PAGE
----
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RE: DASL and ordered collections

From: Kevin Wiggen <wiggs@xythos.com>
Date: Sat, 04 Dec 1999 09:23:40 -0800
To: Jim Davis <jrd3@alum.mit.edu>, www-webdav-dasl@w3.org
Message-id: <LNBBKDGPNJMOJNOBHLLMCEFECEAA.wiggs@xythos.com>

I agree with your statements, see my comments:


1. if the client wanted ordering, they would have asked for it.  Unlike
ordinary WebDAV clients, a DASL client certainly knows about ordering.  it
may not know about AdvColl ordering, but it does know about ordering in the
abstract.  so absence of an orderby clause indicates that the client does
not want ordering.

<KW> OK, I just don't like that in one case we FORCE ordering and in another
we IGNORE ordering.  I agree with what you are saying about PROPFIND and
DASL being different.  BUT someone might write a client that only uses DASL.
This is easy since PROPFIND is a subset of DASL.  It could be weird for this
implementer that ordered collections work differently.  I can be made to
agree that they act differently, I would just like to point out that some
people might think its weird (such as me).
</KW>

2. I predict that the scope of a DASL search will often be an entire site
(or the root collection).  i dont think AdvColl style ordering makes sense
for the full recursive set of members of a collection, but only for the
level 1 members.

<KW>  True, but nothing is stopping a client from wanting a list of all
things in a directory which are NOT images or help text.  In this case you
can run a DASL query (Depth=1) against a server and make the where clause
kick out certain content-types.  If this directory is a book (and thus
ordered by chapter), the client will most likely want the directory to come
back in the correct order.
</KW>

3. it may be expensive to compute.  a typical implementation of DASL might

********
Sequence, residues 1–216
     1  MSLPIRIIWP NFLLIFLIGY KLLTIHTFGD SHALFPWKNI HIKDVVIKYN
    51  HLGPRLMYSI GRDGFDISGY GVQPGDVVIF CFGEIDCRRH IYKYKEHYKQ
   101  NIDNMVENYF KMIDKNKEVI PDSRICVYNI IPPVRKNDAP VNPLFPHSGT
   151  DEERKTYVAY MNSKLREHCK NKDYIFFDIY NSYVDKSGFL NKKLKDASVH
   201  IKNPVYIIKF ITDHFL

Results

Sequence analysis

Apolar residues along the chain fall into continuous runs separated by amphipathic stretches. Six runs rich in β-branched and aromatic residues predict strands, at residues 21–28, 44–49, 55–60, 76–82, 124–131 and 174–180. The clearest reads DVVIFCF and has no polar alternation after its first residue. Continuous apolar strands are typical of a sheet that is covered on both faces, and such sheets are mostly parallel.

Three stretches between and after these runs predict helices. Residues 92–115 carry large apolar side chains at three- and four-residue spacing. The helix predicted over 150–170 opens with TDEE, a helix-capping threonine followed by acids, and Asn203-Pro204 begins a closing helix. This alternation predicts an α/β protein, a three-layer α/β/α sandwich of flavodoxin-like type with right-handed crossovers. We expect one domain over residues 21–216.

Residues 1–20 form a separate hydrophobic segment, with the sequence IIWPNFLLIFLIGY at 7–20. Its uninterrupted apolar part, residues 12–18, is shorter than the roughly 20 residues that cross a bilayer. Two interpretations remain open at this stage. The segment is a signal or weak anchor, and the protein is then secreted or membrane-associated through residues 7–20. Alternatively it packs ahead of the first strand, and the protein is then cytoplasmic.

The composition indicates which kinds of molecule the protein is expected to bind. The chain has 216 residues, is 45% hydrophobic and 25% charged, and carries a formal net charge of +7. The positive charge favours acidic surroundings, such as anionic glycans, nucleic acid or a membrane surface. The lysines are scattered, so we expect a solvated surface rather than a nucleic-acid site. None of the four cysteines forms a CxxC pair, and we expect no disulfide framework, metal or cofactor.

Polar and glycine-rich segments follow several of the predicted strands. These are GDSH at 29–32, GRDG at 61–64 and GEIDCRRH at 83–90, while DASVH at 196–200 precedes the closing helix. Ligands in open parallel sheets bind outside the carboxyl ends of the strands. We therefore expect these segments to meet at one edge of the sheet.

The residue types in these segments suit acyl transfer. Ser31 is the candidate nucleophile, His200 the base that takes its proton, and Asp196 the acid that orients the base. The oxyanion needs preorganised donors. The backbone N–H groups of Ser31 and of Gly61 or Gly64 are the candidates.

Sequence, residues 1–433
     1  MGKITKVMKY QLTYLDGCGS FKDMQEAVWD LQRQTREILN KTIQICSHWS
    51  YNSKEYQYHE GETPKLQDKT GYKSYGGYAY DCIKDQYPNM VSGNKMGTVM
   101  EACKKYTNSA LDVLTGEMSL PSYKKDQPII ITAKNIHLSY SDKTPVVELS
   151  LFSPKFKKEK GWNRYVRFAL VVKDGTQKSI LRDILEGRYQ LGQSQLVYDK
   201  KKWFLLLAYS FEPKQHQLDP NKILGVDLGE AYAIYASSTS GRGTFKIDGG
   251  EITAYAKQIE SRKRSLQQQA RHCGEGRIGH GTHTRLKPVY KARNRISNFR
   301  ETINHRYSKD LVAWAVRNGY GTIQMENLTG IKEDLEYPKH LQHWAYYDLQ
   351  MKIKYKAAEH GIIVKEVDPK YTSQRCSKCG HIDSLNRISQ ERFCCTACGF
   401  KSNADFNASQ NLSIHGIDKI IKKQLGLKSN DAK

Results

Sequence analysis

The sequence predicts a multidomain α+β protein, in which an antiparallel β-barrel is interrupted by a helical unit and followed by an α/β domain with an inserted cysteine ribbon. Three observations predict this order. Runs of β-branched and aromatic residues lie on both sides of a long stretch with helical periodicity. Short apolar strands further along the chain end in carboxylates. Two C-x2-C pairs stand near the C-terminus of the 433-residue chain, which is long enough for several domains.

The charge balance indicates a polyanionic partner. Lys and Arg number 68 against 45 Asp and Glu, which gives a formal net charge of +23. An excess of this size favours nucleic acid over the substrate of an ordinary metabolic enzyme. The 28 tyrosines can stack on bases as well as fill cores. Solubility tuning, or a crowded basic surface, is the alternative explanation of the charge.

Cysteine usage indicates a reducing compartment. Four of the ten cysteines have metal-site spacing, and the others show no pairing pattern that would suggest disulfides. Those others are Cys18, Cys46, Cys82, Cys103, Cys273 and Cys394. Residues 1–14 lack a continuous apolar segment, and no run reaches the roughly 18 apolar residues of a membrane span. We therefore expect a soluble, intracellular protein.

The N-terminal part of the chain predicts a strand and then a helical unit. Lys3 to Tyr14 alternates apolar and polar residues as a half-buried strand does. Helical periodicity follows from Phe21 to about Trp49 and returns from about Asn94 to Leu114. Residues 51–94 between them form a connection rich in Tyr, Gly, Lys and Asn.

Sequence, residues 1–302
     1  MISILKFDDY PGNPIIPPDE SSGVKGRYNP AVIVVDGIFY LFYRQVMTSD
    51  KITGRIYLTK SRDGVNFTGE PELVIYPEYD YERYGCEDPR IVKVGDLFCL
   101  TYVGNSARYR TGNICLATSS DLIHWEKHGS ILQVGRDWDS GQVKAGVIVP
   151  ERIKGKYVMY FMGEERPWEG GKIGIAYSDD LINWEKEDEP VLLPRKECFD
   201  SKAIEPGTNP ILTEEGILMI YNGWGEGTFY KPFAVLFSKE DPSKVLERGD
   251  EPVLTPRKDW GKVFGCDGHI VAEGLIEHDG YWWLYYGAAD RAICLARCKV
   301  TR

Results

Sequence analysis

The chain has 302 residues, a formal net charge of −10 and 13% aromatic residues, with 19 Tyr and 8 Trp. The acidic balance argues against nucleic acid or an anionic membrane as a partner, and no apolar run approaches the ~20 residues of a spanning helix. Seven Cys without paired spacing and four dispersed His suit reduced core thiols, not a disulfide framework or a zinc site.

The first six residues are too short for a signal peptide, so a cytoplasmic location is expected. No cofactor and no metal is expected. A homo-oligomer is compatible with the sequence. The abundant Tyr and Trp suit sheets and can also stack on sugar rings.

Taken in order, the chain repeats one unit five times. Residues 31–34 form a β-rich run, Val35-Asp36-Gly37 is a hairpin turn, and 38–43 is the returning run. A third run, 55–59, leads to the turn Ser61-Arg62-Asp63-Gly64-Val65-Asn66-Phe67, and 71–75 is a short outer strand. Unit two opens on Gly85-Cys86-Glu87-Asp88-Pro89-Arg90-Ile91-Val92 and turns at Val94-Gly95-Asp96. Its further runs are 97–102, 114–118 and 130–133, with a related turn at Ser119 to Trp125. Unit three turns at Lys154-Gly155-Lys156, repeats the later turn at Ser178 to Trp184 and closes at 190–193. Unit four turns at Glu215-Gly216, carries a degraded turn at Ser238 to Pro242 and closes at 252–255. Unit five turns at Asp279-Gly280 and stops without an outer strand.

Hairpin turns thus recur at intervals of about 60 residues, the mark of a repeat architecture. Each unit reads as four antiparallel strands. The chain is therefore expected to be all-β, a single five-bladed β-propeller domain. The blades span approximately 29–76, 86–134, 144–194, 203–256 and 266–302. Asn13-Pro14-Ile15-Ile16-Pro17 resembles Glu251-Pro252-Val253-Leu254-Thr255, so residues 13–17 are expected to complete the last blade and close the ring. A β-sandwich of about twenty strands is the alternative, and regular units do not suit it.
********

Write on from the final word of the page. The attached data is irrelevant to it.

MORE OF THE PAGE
use a RDBMS to store the properties of resources.  The list of rows that
match the query may be returned in a random order by the RDBMS.  the DASL
search arbiter would then have to sort.

<KW>  DASL needs to have a sort routine on the server.  Many things that get
sent to DASL might be expensive.  I don't see how ordering by one more thing
would be that much more expensive than DASL already is.  I can ask DASL to
order by content-type.  Thus the search arbiter would have to sort (or the
RDBMS).  Either way something needs to know how to sort thus it is no more
code, and not more expensive.
</KW>

4. I predict that Adv Coll orderings will mostly make sense in the context
of having the entire membership of a collection.  e.g. when you have a set
of pages you want to print in order.  I don't think they will always make
sense in the context of a random selection of a subset of the collection
according to some search criteria.  So I doubt the client would care to get
this ordering.

<KW> I agree with you, but as in my example above, I can give you use cases
where it would make sense it DASL
</KW>


If we FORCE a server to ALWAYS return ordered collection in order in
PROPFIND (I am against this too), I think that there should at least be a
way of having DASL return by the ordered collection order:

Two Ways:
1)  If the collection is ordered always add this as the final sort parameter
to a DASL query.
2)  Create a new DASL tag <d:orderedcollection> for the <d:orderby> clause.
In this way, a client can at least ask DASL to sort by the orderedcollection
order.

I am fine with 2.  I think this whole thing is not correct by forcing
ordered collections to always return in order during a PROPFIND, BUT if it
is, I am ok with number 2 above.  BUT I AM NOT HAPPY WITH IT.

:)

Kevin
Received on Saturday, 4 December 1999 12:25:59 GMT

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